The biggest threat to the Obama administration’s ambitious water rule may come not from industry foes or states challenging what they call a federal power grab, but from greens suing under one of the country’s foremost environmental laws, legal experts say.
Internal Army documents first reported by Greenwire last week show the Army Corps of Engineers’ on-the-ground experts had major concerns about the final U.S. EPA-Army Waters of the U.S. rule, particularly about limits to Clean Water Act protections that were added toward the end of the process (Greenwire, June 27).
Those concerns are likely to fuel legal challenges under a number of laws. But it was a call for a more thorough assessment of the rule under the National Environmental Policy Act (NEPA) that corps experts repeatedly sounded in the memos — and that ultimately went unheeded by their Pentagon policy bosses.
"This is not quibbling over little things within EPA’s discretion," said Patrick Parenteau, an environmental law expert at Vermont Law School who has testified on Capitol Hill in support of the rule. "NEPA is a mandate. NEPA is a clear, clean procedural requirement, so if the Corps of Engineer experts are saying the way you’ve drawn this line excludes certain waters that we’ve historically regulated under [the Clean Water Act] and have all sorts of value, that sets off alarm bells for me."
Environmental groups that have been preparing lawsuits against the rule, which they see as too weak, say the corps memos validate their concerns (Greenwire, June 15).
"They definitely confirm a lot of the issues that we have raised with the final rule, and raised with the proposed rule, and they indicate that the corps internally had a great deal of concern about what was being proposed," said Kelly Foster, senior attorney for the Waterkeeper Alliance.
Brett Hartl with the Center for Biological Diversity, which is part of the lawsuit with Waterkeeper, said the memos also strengthen his concerns about the rule’s potential endangered species impacts.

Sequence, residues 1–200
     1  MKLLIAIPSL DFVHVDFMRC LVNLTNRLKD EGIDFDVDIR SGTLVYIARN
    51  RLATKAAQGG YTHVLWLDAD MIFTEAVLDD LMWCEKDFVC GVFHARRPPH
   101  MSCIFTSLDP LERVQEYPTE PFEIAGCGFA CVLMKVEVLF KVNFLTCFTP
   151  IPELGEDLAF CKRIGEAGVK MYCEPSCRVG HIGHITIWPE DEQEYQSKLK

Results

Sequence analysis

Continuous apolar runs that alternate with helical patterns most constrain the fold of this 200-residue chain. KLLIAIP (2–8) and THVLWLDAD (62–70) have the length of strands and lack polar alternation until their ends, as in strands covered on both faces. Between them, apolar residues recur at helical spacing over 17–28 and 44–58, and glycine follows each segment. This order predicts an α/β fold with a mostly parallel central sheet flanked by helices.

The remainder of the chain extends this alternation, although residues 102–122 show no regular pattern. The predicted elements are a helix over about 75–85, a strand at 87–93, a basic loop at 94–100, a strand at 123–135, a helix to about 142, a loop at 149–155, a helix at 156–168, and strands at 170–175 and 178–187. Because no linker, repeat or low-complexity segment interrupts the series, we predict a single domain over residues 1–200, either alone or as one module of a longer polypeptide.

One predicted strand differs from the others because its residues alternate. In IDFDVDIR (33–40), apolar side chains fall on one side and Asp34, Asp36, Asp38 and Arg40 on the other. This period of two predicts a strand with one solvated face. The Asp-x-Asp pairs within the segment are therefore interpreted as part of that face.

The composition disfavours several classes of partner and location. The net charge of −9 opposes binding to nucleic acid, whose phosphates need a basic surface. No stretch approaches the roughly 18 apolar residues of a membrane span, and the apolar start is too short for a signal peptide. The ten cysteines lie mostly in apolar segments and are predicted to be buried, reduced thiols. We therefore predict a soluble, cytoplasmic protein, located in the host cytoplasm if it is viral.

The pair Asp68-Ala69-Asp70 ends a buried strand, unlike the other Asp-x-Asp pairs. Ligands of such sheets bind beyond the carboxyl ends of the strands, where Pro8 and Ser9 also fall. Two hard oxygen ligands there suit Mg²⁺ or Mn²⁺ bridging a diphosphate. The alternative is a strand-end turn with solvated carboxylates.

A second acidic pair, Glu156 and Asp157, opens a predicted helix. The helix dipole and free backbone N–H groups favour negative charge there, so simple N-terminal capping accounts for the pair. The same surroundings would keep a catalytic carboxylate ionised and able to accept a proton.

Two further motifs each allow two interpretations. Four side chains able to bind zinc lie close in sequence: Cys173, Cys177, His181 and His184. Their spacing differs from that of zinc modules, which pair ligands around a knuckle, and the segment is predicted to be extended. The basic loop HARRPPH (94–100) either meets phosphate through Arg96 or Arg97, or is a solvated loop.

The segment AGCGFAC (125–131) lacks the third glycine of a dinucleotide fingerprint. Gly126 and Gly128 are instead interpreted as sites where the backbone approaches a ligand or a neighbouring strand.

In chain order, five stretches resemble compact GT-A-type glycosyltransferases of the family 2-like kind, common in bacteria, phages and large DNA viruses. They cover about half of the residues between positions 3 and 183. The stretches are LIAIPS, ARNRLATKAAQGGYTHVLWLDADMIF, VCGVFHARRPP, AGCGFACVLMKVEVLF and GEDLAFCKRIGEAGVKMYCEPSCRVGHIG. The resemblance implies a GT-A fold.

"The memos confirm that there will be significant losses of wetlands across the country, and unfortunately the Army Corps did not assess the ecological impacts on downstream waters," Hartl said by email. "This failure becomes even more problematic when coupled with the failure to consider impacts to endangered species."
Greens have said that they want to see the court make changes to strengthen parts of the final rule but that they support the regulation overall. Foster said she is confident the court "has the power to fashion an appropriate remedy."
But legal experts say making the NEPA argument could be playing with fire for environmentalists who don’t want to see the entire rule scrapped.
"It’s not like fine brain surgery. You can’t just go in there and excise the part of the rule you don’t like," Parenteau said. "If they win the NEPA argument, they are going to bring the whole rule down."
Internal call for ‘robust analysis’
Signed into law in 1970, NEPA requires federal agencies to weigh the environmental effects of actions they are contemplating.
If the proposed action is minor, the agency can complete a relatively simple environmental assessment, but if the action stands to have a "significant" impact on the environment — either positive or negative — the agency must take a more detailed look in an environmental impact statement, which can take months or even years to complete.
Because EPA’s mission is to protect the environment, the agency is exempt from NEPA in many cases, including for Clean Water Act moves.
The Army is not exempt.